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In many policy and service areas, the efforts of more than one provider are needed to achieve the desired outcome. For example, using the example given above, the quality of housing will have an impact on older people’s health. You should therefore consider joined-up outcomes. These could take two forms: Shared outcomes – where two or more providers […]

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February 16, 2013

In many policy and service areas, the efforts of more than one provider are needed to achieve the desired outcome. For example, using the example given above, the quality of housing will have an impact on older people’s health. You should therefore consider joined-up outcomes. These could take two forms:

  • Shared outcomes – where two or more providers share a single outcome. They would have to work out between them how they were going to collaborate to achieve it;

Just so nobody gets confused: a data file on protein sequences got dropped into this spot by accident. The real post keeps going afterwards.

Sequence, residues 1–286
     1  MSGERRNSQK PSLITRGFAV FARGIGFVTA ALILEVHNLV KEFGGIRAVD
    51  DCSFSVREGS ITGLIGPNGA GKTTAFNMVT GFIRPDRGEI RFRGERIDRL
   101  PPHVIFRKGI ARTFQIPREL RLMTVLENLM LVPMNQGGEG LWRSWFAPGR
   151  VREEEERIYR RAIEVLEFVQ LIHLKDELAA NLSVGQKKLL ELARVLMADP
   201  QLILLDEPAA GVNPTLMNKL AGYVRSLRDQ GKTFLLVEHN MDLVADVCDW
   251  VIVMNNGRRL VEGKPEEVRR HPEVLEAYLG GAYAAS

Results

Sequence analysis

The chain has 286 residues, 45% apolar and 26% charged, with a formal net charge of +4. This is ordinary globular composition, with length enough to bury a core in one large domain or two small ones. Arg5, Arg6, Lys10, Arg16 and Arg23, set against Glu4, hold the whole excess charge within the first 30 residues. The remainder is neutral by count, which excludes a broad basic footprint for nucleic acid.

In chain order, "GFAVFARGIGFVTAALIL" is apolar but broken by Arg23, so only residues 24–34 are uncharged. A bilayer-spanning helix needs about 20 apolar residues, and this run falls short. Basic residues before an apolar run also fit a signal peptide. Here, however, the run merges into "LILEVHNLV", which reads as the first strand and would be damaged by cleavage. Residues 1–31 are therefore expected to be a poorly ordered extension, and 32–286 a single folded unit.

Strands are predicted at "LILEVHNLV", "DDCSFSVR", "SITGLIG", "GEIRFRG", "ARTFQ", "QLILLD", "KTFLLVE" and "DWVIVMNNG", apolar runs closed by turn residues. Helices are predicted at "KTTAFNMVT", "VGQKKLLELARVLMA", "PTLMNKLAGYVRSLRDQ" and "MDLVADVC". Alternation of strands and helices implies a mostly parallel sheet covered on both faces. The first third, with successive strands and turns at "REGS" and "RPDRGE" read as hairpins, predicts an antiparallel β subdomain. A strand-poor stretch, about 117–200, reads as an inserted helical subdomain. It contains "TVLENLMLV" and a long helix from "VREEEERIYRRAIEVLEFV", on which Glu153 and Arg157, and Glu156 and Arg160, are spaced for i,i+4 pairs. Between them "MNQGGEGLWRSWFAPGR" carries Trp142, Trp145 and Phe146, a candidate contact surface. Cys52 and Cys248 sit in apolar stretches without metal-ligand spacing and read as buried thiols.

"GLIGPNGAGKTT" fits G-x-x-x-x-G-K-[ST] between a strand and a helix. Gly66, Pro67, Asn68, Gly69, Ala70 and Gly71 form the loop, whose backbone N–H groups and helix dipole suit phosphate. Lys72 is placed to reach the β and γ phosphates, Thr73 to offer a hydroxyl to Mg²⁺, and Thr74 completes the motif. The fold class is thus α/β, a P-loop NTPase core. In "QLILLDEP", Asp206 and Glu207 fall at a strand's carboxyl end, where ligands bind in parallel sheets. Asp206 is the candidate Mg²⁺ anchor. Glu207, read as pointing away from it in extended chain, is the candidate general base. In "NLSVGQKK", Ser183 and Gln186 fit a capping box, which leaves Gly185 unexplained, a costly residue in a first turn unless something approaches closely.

• Mutually-reinforcing outcomes – where the commissioner sets different outcomes for two or more providers. The outcomes are designed so that the achievement of them together will produce the impact more effectively than any one or other on its own.

This joined-up approach to outcomes is now regularly promoted across the public sector, from the public service agreements at national level to sustainable communities plans and local area agreements at the local level. It can also produce efficiency, for example, by reducing duplication in the management of separate programmes.